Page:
Robin Hood—Men in Tights…ridiculous, but I laughed out loud often. That is a good thing!
I’m given these carts of old books to go through. 99% are worthless—destined to roll off to Books by the Foot for Interior Designer use.
Which of these books look valuable?
Well, the vellum is a giveaway, isn’t it?
It feels so good to hold such a beautiful and old object. It is in nearly perfect condition.
Dr Dolittle…one of my all-time favorites, and one of the first things I ever took from a library. It is a first edition. No jacket. The interior hinges are starting to split.
Not much money, but I’m NOT sending Hugh Lofting to Books by the Foot!
This dull blue thing. What made me pull it from a cart? Once closer to my face, I could make out the word Palestine on the spine. The gilt was nearly worn off.
Not very exciting at all. Very old general histories are usually considered “dated”…LOL “dated” …
Why did I even bother to open this one? I flipped to the copyright page out of habit to check to see if it was first. Not that that would matter much.
Opposite that, I saw the dedication page. There was an inscription and a signature. That likely meant it was the “Dedication Copy.” Nice, but not a big deal for a general history.
I deciphered the word “Judge” and decided to look more closely. The “Judge” was Supreme Court Justice Louis Brandeis!
Why did I look into this humble book?
Was my hand guided by a greater force? My Book Muse?
Maybe I have a bit of “Divvie” in me?
Maybe it was just luck, and I actually miss a lot of things like this!
Oddly, I came across two other dedication copies this week.
One is this humble Oxford University Press book of criticism of poetry. The author writes on the dedication page to her husband.
The other was a rediscovery of book Barbara Mertz must have given me years ago. She and Charlotte MacLeod were great pals. When she was so sick for so many years, Barbara helped her—financially too, I think. Charlotte dedicated this to Joan Hess, who was another great friend of Barbara’s. Joan must have sent it to Barbara years ago.
Dedication copies are by definition quite rare. There should only be one per book, obviously. Unless maybe the book was dedicated to multiple people.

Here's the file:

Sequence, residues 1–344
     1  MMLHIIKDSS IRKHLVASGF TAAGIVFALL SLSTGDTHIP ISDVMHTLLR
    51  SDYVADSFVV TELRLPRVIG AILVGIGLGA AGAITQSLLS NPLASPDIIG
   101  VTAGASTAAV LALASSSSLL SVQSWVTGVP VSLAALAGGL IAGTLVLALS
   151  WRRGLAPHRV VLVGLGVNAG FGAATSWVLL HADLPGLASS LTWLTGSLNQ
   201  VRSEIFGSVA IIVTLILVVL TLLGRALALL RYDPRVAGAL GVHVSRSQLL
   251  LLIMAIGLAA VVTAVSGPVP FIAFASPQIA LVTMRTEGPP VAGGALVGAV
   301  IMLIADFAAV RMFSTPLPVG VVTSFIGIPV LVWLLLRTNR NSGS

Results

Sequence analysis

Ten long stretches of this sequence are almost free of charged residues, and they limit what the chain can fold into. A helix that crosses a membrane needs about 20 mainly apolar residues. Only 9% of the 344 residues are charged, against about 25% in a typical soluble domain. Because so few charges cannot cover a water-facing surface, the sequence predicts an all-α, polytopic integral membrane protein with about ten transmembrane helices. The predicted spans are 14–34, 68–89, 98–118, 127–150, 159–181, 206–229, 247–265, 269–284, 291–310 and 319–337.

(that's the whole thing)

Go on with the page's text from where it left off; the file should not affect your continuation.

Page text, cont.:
That got me to thinking about my own dedication copy.
How emotional I got when Barbara presented this to me. Unfortunately, I couldn’t put my hands on my own signed copy. Don’t worry. I know it is safe at home or in my office or in the old Pennsylvania house.
Actually, I vaguely recall I have two! Is that cheating? I believe during one gin infused evening, I asked her to inscribe a second copy. I have 2 boys after all.
A friend from the Weinberg emailed this image:
Masks are indeed in style now!
That got me thinking about the movie.
Mark Knopfler—who began this story—did the iconic soundtrack.
Indeed, my love for you is like a storybook story…
In the blackness of April 19th’s early morning hours, I awoke—as I do every night nowadays. A couple good thoughts came. I’ve learned to write them down if I have enough energy, for they are almost always gone in the morning.
I’ve written may be 20—maybe more—Do I Miss You “poems.” I could soon make a book of them. (Vanity press, of course.)
Do I Miss You
Do I miss you?
Does warm blood pulse beneath my skin?
When I wake in the dark hours
whose eyes do I see in the blackness?
Do I miss you…
[to be continued]
And I also scratched this out on the yellow legal pad:
The Book is my needle
The Book is my bottle
It is my uncontrollable lust
The Book is my love
It is a soft caress
My dawn and sunset
I am a glutton
for the Book
And a connoisseur
[to be continued]